When Cham Tang screwed up his high school exams for the second year running, he thought his life might be over.

Two decades later, he's a self-made millionaire running one of Australia's fastest growing businesses, and the perfect illustration of why university isn't always the best option for everyone - and can even be a total waste of time and money.

But deciding to skip university wasn't easy for the Sydney teenager. As a student at Fort Street High School in the city's inner west, Cham was forced to watch his peers excitedly preparing for university. He had to tell them he had no idea what he wanted out of life.
"Once I could think for myself, I started thinking, 'What's the point of all these subjects?'" he told news.com.au. "I just slacked off.

"I remember telling my maths teacher, 'The only thing learning differentials will set me up for is a career as a maths teacher'. It didn't go down that well."

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Cham was a smart kid, but he scored just 49.45 the first time he took his leaving exams and 51.90 on his second try a year later. He admits his results were a shock, but it made him start to realise a degree might not be for him.

His parents, however, desperately wanted him to be a doctor or a lawyer, and kept mentioning the children of family friends who were entering higher education with grand plans for their stellar careers.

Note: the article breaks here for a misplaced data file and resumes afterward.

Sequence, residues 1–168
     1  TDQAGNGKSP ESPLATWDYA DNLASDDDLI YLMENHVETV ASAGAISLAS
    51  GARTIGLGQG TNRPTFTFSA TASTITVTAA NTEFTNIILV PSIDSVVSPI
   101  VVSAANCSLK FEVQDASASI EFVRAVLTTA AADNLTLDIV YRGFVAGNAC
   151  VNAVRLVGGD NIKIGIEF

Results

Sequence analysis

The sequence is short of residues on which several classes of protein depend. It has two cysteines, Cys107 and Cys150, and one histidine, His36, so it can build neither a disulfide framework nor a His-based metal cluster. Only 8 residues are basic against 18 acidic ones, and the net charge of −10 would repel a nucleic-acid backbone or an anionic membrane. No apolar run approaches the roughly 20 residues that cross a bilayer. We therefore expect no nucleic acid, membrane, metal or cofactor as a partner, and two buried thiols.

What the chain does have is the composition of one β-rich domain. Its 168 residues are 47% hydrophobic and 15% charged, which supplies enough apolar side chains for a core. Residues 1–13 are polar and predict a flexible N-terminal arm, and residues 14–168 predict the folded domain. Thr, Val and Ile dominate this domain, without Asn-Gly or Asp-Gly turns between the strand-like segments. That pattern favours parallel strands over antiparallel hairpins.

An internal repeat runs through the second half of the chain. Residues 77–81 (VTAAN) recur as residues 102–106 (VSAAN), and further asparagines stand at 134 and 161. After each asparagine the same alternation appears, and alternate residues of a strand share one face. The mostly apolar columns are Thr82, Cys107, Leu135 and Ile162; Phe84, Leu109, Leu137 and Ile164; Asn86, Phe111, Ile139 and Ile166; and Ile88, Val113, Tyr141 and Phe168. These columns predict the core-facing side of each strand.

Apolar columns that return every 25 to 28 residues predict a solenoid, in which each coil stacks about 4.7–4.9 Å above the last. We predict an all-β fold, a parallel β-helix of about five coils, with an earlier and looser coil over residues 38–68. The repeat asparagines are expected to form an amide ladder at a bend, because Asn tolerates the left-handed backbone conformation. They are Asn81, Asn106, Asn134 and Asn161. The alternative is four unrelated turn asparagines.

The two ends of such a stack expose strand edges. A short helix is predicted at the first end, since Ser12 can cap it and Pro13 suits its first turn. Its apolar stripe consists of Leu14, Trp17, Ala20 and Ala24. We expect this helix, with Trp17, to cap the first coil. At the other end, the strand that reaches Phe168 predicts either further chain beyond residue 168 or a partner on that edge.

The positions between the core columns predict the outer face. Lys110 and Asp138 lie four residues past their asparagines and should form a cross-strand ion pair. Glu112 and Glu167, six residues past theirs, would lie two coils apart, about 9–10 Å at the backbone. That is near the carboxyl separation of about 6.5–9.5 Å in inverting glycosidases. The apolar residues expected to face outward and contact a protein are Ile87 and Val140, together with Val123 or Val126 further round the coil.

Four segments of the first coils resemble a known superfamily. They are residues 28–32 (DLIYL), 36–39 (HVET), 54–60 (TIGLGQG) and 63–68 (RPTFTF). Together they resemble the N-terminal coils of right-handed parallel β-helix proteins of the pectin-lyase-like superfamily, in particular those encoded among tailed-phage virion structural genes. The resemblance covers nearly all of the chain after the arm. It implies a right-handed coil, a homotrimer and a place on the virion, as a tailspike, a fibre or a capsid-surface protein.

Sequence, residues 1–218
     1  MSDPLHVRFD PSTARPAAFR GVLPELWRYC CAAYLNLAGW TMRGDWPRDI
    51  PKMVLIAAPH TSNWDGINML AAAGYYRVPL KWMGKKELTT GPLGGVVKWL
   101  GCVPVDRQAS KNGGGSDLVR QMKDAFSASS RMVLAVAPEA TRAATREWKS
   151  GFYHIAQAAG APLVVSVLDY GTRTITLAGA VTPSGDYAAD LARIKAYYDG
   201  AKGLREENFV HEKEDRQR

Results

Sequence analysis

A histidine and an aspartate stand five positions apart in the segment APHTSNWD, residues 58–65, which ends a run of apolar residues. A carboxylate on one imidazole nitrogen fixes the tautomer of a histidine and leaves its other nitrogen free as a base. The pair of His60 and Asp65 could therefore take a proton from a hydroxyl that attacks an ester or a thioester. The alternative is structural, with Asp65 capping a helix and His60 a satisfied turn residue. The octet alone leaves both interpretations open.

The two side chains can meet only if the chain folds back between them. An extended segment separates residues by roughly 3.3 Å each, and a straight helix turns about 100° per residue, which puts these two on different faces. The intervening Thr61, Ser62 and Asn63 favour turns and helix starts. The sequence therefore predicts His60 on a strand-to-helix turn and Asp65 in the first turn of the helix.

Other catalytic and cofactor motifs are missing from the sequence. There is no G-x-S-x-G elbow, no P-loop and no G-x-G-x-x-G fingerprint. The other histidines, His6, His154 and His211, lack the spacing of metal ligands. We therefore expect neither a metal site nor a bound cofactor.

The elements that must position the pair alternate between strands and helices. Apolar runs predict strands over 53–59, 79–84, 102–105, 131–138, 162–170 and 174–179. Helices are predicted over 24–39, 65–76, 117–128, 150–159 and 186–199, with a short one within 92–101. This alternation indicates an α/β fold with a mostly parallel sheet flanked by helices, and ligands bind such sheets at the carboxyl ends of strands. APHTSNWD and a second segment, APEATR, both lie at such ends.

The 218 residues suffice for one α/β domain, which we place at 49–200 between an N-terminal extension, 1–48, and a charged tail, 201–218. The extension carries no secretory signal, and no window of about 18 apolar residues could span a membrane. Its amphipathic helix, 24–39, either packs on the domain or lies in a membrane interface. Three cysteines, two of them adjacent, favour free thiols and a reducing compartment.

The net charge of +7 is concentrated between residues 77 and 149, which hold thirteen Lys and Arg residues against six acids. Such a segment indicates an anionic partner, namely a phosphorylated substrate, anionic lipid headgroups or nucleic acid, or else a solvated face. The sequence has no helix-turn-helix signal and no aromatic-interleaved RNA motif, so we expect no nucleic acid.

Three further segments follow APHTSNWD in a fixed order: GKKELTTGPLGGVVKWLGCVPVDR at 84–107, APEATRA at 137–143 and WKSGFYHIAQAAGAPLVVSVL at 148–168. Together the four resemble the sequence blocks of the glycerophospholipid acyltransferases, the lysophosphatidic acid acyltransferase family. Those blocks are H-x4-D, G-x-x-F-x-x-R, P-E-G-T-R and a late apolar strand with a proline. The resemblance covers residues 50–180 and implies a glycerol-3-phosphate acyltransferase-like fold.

Having immigrated to Australia at just three months of age, Cham says he faced an added cultural pressure to do well thanks to his Asian heritage.

"I mainly felt lost," he said. "I thought, I don't have a uni degree. I have to face the big, bad world by myself. I had to make some big life decisions.

"You also get ostracised a bit. 'Which uni are you going to? I'm going to the Centrelink office'. There's an unwritten judgment."

Instead of university, Cham tried his hand at a series of different jobs. He took an administrative role at NAB, followed by a job at a casino, a stint as a personal trainer and a period selling Tony Robbins seminars.

In every job, Cham says, he was "learning something". At the bank, the noticed that he didn't have enough role models or opportunity to progress. Gradually, he recognised business was where his passion lay, and he began to have the idea for his company, Authentic Education, which helps young entrepreneurs realise their dreams.

If you definitely want to be a doctor or a lawyer, you have to go to university. But if you want to run a start-up, it's definitely not the right path.

The firm he founded with Benjamin J. Harvey in 2009 was named one of Australia's fastest growing companies last year and made $3 million in revenue.

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The 38-year-old has no regrets in skipping the university track. "I wouldn't have had the freedom to explore different opportunities," he said. "You aren't locked in for three years with HECS debt."

He has friends who committed to studying IT and accounting and slowly discovered it wasn't for them. Many tried it for a few years after university and then had to start all over again, or accept a lifetime in an unfulfilling job.

"I compare it to finding love," he said. "Most people don't decide straight away at 18, before even dating the person, that's who you want to be with for life. It's the same with a career."